In her new job as director of procurement and compliance for the Lowell Regional Transit Authority (LRTA), Meaghan O’Brien ’21, ’22 is responsible for purchasing everything from paperclips to buses.

“It’s a little daunting when they tell you you’re going to be buying buses. Everyone has that experience, don’t they?” the Dracut, Massachusetts, native says with a laugh.

The fact that O’Brien was hired four months shy of completing her MBA from the Manning School of Business speaks to the LRTA’s confidence in her abilities. It also says a lot about the impression she made in her three years as an office assistant to Dean Sandra Richtermeyer, who recommended O’Brien for the position.

“I didn’t imagine being the director of anything at 23 years old,” O’Brien says. “Without Dean Richtermeyer’s support, I wouldn’t have had the confidence to even apply.”

O’Brien gained a world of confidence in her five years at UML, where her undergraduate concentrations were in marketing and management and where she worked as a research assistant with the Donahue Center for Business Ethics and Social Responsibility.

“I didn’t know if I’d graduate college,” says O’Brien, who was diagnosed with Ehlers-Danlos syndromes, a group of rare genetic disorders that affect connective tissue, when she was 8 years old.

“A lot of my organs don’t function properly,” she says. “My adrenal gland stopped working in high school, my thyroid doesn’t do great, and my stomach is basically paralyzed, so I had a permanent feeding tube put in a couple of years ago.”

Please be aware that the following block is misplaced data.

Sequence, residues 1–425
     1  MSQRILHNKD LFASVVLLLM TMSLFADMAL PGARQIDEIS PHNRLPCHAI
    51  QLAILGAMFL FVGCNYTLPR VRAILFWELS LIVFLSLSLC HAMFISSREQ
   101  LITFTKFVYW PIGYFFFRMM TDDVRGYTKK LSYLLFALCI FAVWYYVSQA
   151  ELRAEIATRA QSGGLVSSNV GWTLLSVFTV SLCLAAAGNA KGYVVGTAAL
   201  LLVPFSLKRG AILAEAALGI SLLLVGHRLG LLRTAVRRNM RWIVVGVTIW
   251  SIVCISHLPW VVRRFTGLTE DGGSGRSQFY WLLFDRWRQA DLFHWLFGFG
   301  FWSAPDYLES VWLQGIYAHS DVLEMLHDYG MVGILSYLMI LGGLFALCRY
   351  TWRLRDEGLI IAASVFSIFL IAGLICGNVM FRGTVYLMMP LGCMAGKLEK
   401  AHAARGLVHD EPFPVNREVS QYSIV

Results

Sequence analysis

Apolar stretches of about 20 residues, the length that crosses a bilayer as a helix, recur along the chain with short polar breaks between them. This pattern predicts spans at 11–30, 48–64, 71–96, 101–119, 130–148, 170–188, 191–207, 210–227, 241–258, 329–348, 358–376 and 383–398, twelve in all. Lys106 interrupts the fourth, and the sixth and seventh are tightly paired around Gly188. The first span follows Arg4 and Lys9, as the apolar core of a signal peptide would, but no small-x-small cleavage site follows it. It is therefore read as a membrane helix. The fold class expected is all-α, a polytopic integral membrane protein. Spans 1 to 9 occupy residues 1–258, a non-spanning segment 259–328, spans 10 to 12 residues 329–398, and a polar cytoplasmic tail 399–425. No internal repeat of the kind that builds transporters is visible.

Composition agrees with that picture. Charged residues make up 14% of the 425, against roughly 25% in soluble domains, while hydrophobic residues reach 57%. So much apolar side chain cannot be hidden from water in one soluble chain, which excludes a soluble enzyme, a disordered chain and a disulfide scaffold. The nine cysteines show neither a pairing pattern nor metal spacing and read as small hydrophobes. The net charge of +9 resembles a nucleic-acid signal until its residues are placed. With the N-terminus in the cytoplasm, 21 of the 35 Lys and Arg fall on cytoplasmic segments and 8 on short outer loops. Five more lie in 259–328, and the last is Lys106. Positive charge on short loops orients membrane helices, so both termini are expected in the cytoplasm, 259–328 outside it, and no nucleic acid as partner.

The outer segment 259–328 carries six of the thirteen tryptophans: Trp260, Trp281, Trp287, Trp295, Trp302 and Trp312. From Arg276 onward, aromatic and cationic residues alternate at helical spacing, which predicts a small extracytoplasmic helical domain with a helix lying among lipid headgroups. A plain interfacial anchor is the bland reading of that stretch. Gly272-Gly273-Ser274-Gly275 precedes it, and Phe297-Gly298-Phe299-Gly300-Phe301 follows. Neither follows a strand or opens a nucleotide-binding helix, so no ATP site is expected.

While her condition, which has also led to double vision, can make mobility difficult, O’Brien says she was raised to never let it stop her from going places in life.

“My parents didn’t want me to sit at home and be the sick kid. They always had the same expectations for me that they did for my sister,” O’Brien says of her younger sibling, Kaleigh, a junior biomedical engineering major at UML.

As a first-year student, O’Brien joined the Donahue Center through the Manning School’s Business and Entrepreneur Scholars in Training (BEST) program. She stayed on through graduate school as a research assistant, learning how to do comparative market research and developing a greater appreciation for corporate social responsibility.

O’Brien chose to minor in disability studies because “I wanted to learn about other peoples’ experiences, not just the little shell of my life,” she says. “Whatever I ended up doing in the future, I knew I wanted to connect somehow to helping people with disabilities.”

She’s now doing that at the LRTA, which provides a public transportation service that many rely on to lead independent lives.

“I’m very lucky that my first job out of college is something that really aligns with me,” O’Brien says. “It’s great to be part of something that supports the community.”

O’Brien says the support she received at UML — from the classroom lessons of Asst. Prof. of Management Elana Feldman and adjunct Kevin Willett to the occasional accommodation from Disability Services — set her on the path to success.

“The university has impacted me much more than I thought it would,” she says. “UMass Lowell was probably the best decision I’ve ever made.”